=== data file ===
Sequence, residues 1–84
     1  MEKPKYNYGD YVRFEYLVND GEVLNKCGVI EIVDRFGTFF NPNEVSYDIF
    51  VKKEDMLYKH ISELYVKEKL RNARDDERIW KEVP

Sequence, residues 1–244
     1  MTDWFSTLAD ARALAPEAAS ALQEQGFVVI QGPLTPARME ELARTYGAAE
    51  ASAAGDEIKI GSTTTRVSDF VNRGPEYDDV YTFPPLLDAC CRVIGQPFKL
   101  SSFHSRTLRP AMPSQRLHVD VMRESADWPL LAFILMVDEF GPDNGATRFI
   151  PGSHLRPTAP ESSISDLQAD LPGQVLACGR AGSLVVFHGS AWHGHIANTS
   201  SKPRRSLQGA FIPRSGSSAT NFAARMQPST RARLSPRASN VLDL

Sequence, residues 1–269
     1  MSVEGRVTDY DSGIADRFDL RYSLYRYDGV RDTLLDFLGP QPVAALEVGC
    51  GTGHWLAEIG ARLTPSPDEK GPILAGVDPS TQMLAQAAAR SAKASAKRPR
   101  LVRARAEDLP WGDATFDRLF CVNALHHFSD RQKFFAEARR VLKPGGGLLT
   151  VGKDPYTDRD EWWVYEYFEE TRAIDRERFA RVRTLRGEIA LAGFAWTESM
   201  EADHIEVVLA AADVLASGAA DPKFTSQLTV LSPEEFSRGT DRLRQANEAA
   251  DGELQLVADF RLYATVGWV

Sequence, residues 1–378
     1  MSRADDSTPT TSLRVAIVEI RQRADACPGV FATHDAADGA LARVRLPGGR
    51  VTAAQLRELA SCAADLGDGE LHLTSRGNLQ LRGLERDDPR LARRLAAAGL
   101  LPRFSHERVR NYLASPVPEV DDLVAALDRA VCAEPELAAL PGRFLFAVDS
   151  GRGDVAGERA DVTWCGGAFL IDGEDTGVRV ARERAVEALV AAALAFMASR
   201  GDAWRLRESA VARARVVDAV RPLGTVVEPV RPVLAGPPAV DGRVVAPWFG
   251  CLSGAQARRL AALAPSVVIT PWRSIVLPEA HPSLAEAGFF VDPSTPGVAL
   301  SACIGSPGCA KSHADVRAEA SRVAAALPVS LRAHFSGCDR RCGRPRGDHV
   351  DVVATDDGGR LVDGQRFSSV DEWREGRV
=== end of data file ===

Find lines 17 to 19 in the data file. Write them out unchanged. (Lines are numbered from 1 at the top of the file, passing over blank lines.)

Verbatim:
Sequence, residues 1–378
     1  MSRADDSTPT TSLRVAIVEI RQRADACPGV FATHDAADGA LARVRLPGGR
    51  VTAAQLRELA SCAADLGDGE LHLTSRGNLQ LRGLERDDPR LARRLAAAGL